This is the time of year when theme and amusements parks are packed with kids and their parents or grandparents.  While they are anticipating going to magical and fun activities, it’s a good idea to plan how you can make it a safe experience for the whole group.

Here are some tips that should help:

  • If you are going to a large theme park, check a map for the locations of first aid stations.  It’s a big help if you know where to go for assistance, should there be an accident.
  • Carry Benadryl or some type of allergy medication in case of food or other allergies.
  • Accompany small children to the restroom.  They get to a certain age that they think they can go alone, but it’s better to be safe than sorry.
  • Be sure you are well-hydrated two to three days before your trip.  Continue drinking more water and less sugary drinks during the park visits.
  • It helps to take short breaks. Don’t push all day long to be sure you see everything.  A rest in the shade, or even a return to your hotel for a while will make the whole group less stressed.
  • Take plenty of sunscreen, hand sanitizer, or wipes.  Wear sunglasses, hats/visors and comfortable shoes.  It is also a good idea to wear socks and running/walking shoes rather than sandals.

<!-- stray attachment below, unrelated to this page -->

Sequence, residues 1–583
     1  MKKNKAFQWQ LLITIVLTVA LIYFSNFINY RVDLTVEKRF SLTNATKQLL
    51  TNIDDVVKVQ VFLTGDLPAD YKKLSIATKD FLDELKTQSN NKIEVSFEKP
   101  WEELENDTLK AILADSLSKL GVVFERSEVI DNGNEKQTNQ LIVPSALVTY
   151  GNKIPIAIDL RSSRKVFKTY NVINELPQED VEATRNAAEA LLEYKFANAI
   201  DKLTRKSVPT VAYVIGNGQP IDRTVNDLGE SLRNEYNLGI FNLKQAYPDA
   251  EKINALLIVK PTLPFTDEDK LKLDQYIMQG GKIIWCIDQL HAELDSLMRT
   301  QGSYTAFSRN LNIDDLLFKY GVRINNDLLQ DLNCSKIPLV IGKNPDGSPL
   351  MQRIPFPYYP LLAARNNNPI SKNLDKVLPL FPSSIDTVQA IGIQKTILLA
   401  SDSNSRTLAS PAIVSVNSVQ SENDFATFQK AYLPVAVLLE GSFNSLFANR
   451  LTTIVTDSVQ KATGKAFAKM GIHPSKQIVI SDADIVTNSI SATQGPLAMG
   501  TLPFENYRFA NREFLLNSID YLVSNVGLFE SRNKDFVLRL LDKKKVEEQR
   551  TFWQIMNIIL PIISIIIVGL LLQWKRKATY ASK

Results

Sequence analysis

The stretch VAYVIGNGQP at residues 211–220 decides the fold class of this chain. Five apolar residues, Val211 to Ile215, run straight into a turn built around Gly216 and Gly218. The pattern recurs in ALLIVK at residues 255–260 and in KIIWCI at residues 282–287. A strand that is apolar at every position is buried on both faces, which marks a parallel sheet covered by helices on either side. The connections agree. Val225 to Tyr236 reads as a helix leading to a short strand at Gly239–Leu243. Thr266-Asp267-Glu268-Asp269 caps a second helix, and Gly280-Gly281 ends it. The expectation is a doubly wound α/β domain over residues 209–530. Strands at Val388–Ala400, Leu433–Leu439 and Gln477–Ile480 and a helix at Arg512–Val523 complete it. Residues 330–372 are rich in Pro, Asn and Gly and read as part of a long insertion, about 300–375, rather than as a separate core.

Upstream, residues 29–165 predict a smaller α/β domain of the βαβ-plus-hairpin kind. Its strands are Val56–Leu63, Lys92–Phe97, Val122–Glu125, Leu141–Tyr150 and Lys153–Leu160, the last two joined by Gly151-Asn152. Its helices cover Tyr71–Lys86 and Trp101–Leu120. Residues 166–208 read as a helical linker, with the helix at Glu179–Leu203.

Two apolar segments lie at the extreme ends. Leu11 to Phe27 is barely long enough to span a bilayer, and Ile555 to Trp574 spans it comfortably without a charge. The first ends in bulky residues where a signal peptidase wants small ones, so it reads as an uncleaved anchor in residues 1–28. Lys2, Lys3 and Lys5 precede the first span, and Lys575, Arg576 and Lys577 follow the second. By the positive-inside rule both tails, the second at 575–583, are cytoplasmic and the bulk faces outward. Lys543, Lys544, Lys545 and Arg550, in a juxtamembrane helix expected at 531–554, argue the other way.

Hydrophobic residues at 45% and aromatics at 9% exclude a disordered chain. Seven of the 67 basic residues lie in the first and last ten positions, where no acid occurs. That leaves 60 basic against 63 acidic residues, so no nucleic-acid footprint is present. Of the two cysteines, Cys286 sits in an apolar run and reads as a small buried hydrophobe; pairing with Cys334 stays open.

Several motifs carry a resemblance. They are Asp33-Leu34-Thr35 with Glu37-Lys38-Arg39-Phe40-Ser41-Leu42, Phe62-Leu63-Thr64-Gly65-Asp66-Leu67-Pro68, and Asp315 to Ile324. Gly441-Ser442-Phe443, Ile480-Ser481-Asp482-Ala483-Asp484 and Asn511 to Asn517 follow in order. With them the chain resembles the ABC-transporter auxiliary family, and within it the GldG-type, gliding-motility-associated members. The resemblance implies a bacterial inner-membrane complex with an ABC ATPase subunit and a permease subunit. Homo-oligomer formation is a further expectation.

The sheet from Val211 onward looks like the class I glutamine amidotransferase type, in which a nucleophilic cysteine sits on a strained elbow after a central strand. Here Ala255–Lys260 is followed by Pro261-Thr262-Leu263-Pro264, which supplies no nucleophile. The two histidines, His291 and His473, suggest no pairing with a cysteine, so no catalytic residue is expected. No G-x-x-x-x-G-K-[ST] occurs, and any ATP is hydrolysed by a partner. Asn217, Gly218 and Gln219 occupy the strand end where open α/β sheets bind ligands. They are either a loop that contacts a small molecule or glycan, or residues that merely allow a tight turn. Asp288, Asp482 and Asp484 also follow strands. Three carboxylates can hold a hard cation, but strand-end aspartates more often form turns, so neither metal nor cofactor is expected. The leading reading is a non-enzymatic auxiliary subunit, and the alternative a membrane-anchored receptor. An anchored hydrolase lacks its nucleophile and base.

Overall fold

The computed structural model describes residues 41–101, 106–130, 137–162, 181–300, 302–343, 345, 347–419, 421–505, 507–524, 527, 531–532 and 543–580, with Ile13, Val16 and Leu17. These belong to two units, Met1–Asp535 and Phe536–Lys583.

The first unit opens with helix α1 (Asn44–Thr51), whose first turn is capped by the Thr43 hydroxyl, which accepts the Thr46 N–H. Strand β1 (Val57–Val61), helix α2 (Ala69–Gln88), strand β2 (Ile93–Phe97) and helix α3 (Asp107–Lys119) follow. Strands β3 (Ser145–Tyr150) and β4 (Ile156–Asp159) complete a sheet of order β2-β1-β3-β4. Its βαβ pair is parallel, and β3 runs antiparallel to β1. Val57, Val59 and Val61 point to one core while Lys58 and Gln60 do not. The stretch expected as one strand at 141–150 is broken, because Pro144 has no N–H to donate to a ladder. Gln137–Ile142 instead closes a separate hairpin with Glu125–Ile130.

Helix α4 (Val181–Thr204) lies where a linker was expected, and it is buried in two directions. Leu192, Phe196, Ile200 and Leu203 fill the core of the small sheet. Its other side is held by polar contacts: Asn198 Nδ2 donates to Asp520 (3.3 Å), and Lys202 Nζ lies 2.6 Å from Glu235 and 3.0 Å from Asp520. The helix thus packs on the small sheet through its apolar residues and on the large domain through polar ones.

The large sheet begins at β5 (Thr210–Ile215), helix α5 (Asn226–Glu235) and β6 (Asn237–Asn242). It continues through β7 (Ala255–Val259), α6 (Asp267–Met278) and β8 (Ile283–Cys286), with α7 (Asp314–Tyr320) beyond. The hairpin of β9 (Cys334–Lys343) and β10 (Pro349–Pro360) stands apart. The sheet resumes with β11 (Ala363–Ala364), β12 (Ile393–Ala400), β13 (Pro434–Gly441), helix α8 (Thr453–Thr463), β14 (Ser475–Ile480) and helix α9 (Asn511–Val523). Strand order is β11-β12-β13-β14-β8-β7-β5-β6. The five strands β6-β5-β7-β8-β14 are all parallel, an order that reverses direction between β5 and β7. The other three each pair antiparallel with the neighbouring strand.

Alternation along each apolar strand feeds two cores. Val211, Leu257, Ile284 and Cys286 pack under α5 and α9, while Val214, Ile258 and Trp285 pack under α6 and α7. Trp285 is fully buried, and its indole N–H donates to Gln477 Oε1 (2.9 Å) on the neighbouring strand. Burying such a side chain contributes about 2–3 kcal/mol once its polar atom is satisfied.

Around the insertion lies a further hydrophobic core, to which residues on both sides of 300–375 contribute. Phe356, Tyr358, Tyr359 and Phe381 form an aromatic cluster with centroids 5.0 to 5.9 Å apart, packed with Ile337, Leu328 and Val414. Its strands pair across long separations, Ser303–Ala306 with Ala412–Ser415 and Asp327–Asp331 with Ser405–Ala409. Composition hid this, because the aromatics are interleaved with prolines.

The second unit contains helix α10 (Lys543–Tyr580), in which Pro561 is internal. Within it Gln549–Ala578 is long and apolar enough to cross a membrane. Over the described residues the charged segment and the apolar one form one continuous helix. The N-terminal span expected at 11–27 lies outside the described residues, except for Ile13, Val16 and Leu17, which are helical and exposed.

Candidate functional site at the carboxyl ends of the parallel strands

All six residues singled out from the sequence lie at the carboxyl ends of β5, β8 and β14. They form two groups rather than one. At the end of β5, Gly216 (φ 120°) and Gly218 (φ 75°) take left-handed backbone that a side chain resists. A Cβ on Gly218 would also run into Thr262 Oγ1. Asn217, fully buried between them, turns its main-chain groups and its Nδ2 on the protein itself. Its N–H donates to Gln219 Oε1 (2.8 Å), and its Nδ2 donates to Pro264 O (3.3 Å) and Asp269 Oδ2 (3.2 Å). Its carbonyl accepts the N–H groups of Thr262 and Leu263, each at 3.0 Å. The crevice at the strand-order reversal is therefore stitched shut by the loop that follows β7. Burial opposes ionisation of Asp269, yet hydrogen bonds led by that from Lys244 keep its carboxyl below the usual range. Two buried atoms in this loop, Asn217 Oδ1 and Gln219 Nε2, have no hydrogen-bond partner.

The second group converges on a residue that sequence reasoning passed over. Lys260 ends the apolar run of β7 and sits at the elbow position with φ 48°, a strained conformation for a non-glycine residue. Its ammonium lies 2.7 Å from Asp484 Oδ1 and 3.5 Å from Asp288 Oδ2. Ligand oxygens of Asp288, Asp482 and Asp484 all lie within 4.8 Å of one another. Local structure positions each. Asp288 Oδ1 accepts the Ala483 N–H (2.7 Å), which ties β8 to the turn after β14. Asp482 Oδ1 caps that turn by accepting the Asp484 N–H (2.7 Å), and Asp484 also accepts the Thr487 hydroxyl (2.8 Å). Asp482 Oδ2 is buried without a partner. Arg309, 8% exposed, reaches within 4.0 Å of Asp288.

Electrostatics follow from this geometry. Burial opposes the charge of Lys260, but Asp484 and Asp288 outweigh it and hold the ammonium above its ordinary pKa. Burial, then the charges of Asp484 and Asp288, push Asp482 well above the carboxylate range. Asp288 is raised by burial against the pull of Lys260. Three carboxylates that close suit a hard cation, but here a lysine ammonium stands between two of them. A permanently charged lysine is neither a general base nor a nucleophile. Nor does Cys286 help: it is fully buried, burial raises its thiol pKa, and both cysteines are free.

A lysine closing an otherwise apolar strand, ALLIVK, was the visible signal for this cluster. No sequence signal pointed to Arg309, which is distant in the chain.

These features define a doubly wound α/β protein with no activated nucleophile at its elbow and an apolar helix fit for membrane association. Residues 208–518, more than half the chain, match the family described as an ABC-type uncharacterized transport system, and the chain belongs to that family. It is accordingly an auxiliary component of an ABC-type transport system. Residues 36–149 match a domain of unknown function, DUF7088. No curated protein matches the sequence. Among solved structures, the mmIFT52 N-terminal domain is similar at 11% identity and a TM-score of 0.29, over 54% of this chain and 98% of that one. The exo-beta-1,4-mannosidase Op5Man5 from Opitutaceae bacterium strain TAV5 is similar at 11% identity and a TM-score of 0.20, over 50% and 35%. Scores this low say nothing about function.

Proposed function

• Dress your kids in brightly colored clothing, so you can easily spot them, should you become separated.  Having just returned from a four-day theme park trip, I noticed several groups were wearing identical T-shirts, which made it easier for them to find each other.
  • Cell phones are a great way for families to communicate with their teenagers who want to do their thing, while moms and dads take the little ones to ride or see shows.
  • If the rides have restrictions, such as height limits, don’t try to put your child on something they are too small for.  If you have health problems such as high blood pressure, pay attention to the warnings posted at the high-speed rides.

Most park attendants are there to ensure their visitors have a safe and fun experience.  If you have questions or need assistance, they will be happy to help you.  These parks have safety policies and procedures; however, if you have had any unsafe experiences, be sure to let them know.